Garfield is the quintessential fat cat, but his fluffy physique puts him at risk for several serious health complications. Pet obesity is common in the United States, with family veterinarians considering more than half their pet patients as overweight or obese. This is not surprising, since most pets portrayed in the media are overweight, so pet owners think the condition is normal. Our Palm City Animal Medical Center team decided, therefore, to collaborate with the Garfield and Friends crew to get their take on the situation.

Garfield: “Lasagna is my favorite food, and my favorite pastime is napping. I don’t see the problem with this lifestyle.”

Palm City Animal Medical Center (PCAMC): A few extra pounds can make a big difference for your pet. Pets are considered overweight at 10% over their ideal weight and obese at 30% over their ideal weight. This is significant, because carrying excess weight puts your pet at higher risk for several serious health issues, including:

  • Diabetes — Similar to humans, overweight pets, especially cats, are at higher risk for diabetes mellitus. This condition can lead to significant health problems, such as cataracts, high blood pressure, hypoglycemia, diabetic ketoacidosis, and chronic kidney failure.
  • Cancer — According to the Centers for Disease Control (CDC), obesity is linked to 13 cancer types in humans, and research suggests excess weight greatly increases your pet’s cancer risk. 
  • High blood pressure — Overweight pets are at higher risk for high blood pressure, which leads to complications such as retinal detachment, congestive heart failure, and stroke.
  • Chronic kidney failure (CKF) — High blood pressure can also cause CKF, a disease that doesn’t typically manifest clinically until the condition is advanced.
  • Arthritis — Studies have demonstrated that overweight and obese pets are at higher risk for arthritis. The joint inflammation leads to pain and decreased mobility for affected pets.
  • Respiratory problems — A fat layer encases an overweight pet’s chest, inhibiting their ability to breathe. In addition, overweight and obese pets are at higher risk for respiratory conditions such as tracheal collapse and laryngeal paralysis.
  • Skin disease — Many overweight pets have excess skin folds that provide an ideal environment for pathogen overgrowth, leading to infection. In addition, overweight pets find grooming themselves more difficult, which can lead to skin problems.
  • Anesthesia complications — Anesthesia calculations are made based on lean body mass, and determining an accurate dose for an overweight pet can be difficult. When a pet is overweight, many veterinarians recommend weight loss before an elective procedure, but if your pet needs emergency surgery, their excess fat puts them at higher risk for anesthetic complications.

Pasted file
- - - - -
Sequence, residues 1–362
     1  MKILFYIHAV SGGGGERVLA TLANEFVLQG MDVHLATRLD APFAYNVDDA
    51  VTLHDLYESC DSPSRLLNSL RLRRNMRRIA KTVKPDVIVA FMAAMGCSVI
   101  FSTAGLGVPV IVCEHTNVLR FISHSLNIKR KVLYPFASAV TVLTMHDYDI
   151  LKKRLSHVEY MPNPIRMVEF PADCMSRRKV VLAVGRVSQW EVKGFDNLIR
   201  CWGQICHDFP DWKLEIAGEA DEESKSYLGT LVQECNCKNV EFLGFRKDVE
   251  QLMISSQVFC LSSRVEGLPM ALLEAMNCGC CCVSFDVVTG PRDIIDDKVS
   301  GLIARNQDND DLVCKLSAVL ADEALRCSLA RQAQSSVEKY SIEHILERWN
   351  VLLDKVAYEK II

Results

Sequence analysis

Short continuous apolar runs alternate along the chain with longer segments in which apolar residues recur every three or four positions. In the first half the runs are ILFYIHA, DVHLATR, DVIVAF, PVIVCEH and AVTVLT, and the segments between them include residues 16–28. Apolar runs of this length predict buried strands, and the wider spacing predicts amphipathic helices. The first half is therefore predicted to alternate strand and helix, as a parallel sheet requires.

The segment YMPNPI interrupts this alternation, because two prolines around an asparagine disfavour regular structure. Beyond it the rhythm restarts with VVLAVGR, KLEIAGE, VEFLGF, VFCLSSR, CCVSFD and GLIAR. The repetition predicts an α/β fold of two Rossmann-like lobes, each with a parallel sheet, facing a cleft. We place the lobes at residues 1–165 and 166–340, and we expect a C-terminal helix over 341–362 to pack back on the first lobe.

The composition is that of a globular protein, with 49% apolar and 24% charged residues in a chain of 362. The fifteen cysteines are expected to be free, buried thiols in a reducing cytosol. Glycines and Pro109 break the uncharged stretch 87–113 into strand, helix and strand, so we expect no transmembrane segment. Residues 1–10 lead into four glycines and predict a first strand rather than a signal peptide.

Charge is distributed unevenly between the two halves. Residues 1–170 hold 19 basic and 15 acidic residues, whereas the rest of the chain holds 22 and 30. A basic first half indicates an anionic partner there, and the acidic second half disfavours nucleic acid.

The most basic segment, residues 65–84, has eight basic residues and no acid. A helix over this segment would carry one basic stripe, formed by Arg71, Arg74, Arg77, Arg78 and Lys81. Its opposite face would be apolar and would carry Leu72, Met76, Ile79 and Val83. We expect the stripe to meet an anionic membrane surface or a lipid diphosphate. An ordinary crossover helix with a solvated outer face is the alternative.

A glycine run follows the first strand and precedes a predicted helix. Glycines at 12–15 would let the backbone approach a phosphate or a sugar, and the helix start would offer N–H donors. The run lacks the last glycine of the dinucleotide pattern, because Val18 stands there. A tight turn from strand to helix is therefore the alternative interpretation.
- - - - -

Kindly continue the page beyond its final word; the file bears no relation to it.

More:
• Heatstroke — Overweight pets can’t regulate their body temperature well, since they have extra fat acting as insulation, which puts them at higher heatstroke risk.

Jon Arbuckle: “Garfield must have a hormonal imbalance to make him so fat. It’s not my fault!”

PCAMC: While most pet obesity is caused by overfeeding, Garfield could have an endocrine disorder that contributes to his weight gain. All that lasagna is probably one factor behind his girth, but other conditions can result in weight gain, including:

  • Hypothyroidism — Hypothyroidism is the most common hormone imbalance in dogs, but is rare in cats. An abnormal thyroid gland produces decreased thyroid hormone, slowing down the pet’s metabolism. Signs include weight gain without an increased appetite, lethargy, excessive shedding, and an increased susceptibility to skin and ear infections.
  • Hyperadrenocorticism (HAC) — Also known as Cushing’s disease, this condition commonly affects middle-aged and geriatric dogs, and occasionally cats. HAC is usually caused by a tumor on the pituitary or adrenal glands, increasing cortisol levels. Signs include increased appetite, lethargy, and increased thirst and urination.

Nermal: “I am so cute, whereas Garfield is so fat, but he says he is in great shape.”

PCAMC: Determining when a pet is overweight can be difficult, and you would do best to seek advice from our veterinary professionals. You look at your pet and you see only their sweet face, whereas our veterinary team can objectively evaluate your pet. We will determine their weight status and body condition score (BCS) by palpating certain areas over your pet’s ribs, back, and hips. In general, your pet should have a defined waist, and ribs that are easily palpable but not readily visible. 

Odie: “I volunteered to help Garfield lose weight. Let’s go!”

PCAMC: If your pet is overweight, consulting with a veterinarian is important to ensure they lose the weight safely. Prevention is the best protection against obesity. Steps include:

  • Getting physical — Ensure your pet exercises daily. Schedule time at least twice a day to get your pet moving. 
  • Feeding appropriately — Leaving out food so your pet can eat whenever they want is easy, but this leads to obesity. Calculate your pet’s daily calorie requirements and feed them based on these calculations. Dividing their food into two to three meals throughout the day is ideal. 
  • Measuring portions — Eyeballing your pet’s meal portions can result in overfeeding. Use a standard measuring cup or a kitchen scale and accurately measure your pet’s meal portions.
  • Scheduling regular wellness exams — Schedule yearly wellness exams so our veterinary team can ensure your pet is staying at a healthy weight and an underlying health issue isn’t causing unwanted weight gain.

Hopefully, this discussion will help Garfield lose his excess weight and convince him to cut back on his lasagna. If you would like to schedule a wellness exam and weight assessment for your pet, contact our team at Palm City Animal Medical Center. We can help develop an individual plan so they remain at a healthy weight.